1. Add, Don't Subtract
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Not only does it make it harder to graze the buffet, but you'll also be less tempted to sip endless cocktails, too. Finally, keeping your body refreshed with plenty of water may also help your workout, says Anthony. Staying hydrated means "I can exercise more, and longer, than if I don't drink water.
With the massive meals served at so many American restaurants, it's easy to go Dutch -- with the dinner plate. That way, we don't feel stuffed, and we save some money. You can share more than just a meal out. Why not double up on a bicycle built for two?
Go halves on the cost of a personal trainer? Maybe split a gym membership? The American Heart Association knows what we love: And they also know we need to get more exercise. So why not combine the two, they ask?
Try dancing to the music when you tune into your favorite music show, or practice some stress-relieving cardio boxing when your least favorite reality contestant is on camera.
During commercials pedal your stationery bike, walk the treadmill, or slip in a little strength training doing bicep curls with cans of your favorite fizzy beverage as weights. Or get inspired to really focus: Put in a high-energy exercise DVD and get motivated by the pros onscreen. It doesn't matter exactly what you do, so long as you're up and active. Aim for at least 15 minutes, says the AHA. If you get really engrossed, you just might outlast the last survivor. That's because while a small portion served on a large plate can leave you craving more, a smaller plate gives the visual signal that you already have more.
We know we've had enough because we see the bottom of our bowl or plate. And don't forget smaller bowls, cups, and spoons. For example, try savoring a bowl of ice cream with a baby spoon. Not only does the pleasure last longer, but your body has time to register the food you've eaten. When your weight loss efforts lead to boredom or too much self-focus, get occupied with something else.
So take a break from the siren-call of the tube, and get occupied with things that have nothing to do with food. For some, that might mean becoming involved with local politics, discovering yoga, or enjoying painting. Or maybe you want to help a child with a science project, repaint the bedroom, or take a class.
Have a life outside of weight loss. Then at least eat your meals at the table. While cultivating that virtue isn't exactly painless, it may help to know that keeping weight off generally gets easier over time.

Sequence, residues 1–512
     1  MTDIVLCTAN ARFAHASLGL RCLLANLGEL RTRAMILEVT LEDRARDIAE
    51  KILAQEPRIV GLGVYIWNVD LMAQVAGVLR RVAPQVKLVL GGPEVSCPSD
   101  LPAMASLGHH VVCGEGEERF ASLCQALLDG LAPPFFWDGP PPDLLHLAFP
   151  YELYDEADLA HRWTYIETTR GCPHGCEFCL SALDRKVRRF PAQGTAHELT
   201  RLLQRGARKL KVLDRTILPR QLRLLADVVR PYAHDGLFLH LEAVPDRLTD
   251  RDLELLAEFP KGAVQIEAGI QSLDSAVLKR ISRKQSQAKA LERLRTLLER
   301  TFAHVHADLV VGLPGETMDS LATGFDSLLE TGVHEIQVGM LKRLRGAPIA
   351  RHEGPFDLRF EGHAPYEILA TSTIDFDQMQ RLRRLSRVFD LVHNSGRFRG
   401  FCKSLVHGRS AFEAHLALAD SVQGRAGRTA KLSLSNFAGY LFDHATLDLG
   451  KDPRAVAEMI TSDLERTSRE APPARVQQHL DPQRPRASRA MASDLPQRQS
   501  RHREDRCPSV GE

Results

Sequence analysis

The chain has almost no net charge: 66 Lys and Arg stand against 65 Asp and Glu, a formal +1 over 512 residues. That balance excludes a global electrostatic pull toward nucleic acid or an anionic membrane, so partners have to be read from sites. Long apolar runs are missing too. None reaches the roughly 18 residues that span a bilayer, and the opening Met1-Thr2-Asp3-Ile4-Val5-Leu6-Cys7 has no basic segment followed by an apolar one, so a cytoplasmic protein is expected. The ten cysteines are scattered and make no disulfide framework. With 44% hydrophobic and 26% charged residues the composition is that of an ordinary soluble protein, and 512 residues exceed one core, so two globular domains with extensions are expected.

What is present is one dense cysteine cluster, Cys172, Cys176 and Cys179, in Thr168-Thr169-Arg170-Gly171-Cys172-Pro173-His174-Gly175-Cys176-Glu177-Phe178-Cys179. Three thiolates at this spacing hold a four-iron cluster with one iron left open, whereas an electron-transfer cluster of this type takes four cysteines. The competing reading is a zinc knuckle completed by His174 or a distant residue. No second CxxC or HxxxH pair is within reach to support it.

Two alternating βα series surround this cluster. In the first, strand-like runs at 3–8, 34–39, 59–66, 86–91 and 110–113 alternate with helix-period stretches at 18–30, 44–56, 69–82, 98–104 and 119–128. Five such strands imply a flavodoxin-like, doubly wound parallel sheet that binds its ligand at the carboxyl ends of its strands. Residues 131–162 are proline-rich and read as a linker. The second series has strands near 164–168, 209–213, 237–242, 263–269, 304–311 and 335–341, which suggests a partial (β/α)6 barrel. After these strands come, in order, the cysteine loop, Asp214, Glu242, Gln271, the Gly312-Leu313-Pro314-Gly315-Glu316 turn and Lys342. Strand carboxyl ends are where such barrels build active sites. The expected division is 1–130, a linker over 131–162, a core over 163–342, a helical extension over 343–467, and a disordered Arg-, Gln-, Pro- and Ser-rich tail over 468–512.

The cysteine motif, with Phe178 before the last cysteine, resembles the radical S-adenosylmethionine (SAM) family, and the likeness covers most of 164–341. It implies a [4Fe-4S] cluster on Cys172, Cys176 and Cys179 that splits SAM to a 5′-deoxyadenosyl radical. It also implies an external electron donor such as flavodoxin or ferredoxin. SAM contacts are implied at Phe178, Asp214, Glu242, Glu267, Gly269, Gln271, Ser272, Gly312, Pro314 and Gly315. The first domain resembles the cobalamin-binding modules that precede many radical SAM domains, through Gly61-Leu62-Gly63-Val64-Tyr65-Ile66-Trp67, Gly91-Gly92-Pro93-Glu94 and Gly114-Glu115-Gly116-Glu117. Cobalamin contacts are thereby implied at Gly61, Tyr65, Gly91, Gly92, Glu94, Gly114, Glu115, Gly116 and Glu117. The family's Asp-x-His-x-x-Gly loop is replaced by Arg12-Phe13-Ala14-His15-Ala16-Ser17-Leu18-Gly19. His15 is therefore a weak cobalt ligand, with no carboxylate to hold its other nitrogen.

That's the result of a study published in Obesity Research, where researchers found that for people who had lost at least 30 pounds -- and kept it off for at least two years -- maintaining that weight loss required less effort as time went on. So if you crave the results reported by successful "losers" like these -- improved self-confidence, a boost in mood, and better health -- cultivate patience.
You may find your way to sweet and nearly painless weight loss success. If 10 tips for painless weight loss or maintenance aren't enough, how about trying some of these ideas from WebMD's weight loss community members? Women's Health Feature Stories. Add, Don't Subtract Forget diet denial: Try adding foods to your diet instead of subtracting them. Forget About Working Out If the word "exercise" inspires you to creative avoidance, then avoid it. Go Walking Walking when the weather's nice is a super-easy way to keep fit, says Diane Virginias, a certified nursing assistant from New York.
Continued No sidewalks in your neighborhood? Try these tips for slipping in more steps: Trade your power mower for a push version. Park your car at the back of the lot. Get out of the office building and enjoy walking meetings. Sweep the drive or rake the leaves instead of using a leaf-blower. Get off the bus a few stops earlier. It also must be presented in a manner that is appealing and served at the appropriate temperature, hot foods served hot and cold foods served cold.
Food must be served in a form -- soft, ground, pureed or thickened -- to meet the needs of residents with chewing and swallowing problems. Special equipment and utensils must be provided to help residents eat as independently as possible, although staff must be sufficient in number and have appropriate training to supervise and assist residents who cannot feed themselves.
Therapeutic diets, such as diabetic, renal or bariatric diets, must be ordered by the physician and calculated by the dietitian. Residents with actual or potential weight loss, large wounds or nonhealing pressure sores must receive sufficient calories and supplements to promote healing and prevent further weight loss and skin breakdown. Food must be handled, stored and prepared in a sanitary manner and must be served at the appropriate temperature to prevent food-borne illnesses.
For instance, potentially hazardous foods such as eggs, meat and milk must be kept refrigerated at 41 degrees Fahrenheit or below. Meats should be cooked to at least degrees Fahrenheit; hot foods should be maintained -- usually on a steam table -- at degrees Fahrenheit while being served. In addition, food must only be obtained from sources licensed by federal, state or local authorities.
Foods prepared or canned at home and food from unlicensed sources are prohibited. Nursing home residents and their families have the right to voice concerns and make complaints to the staff of the nursing home, or any other person, without fear of punishment.
Concerns regarding food and nutrition should be brought to the attention of the nursing home administrator, director of nursing or dietary manager; and the nursing home must address the issue promptly. Unresolved complaints should be directed to the State Survey and Certification Agency for investigation.
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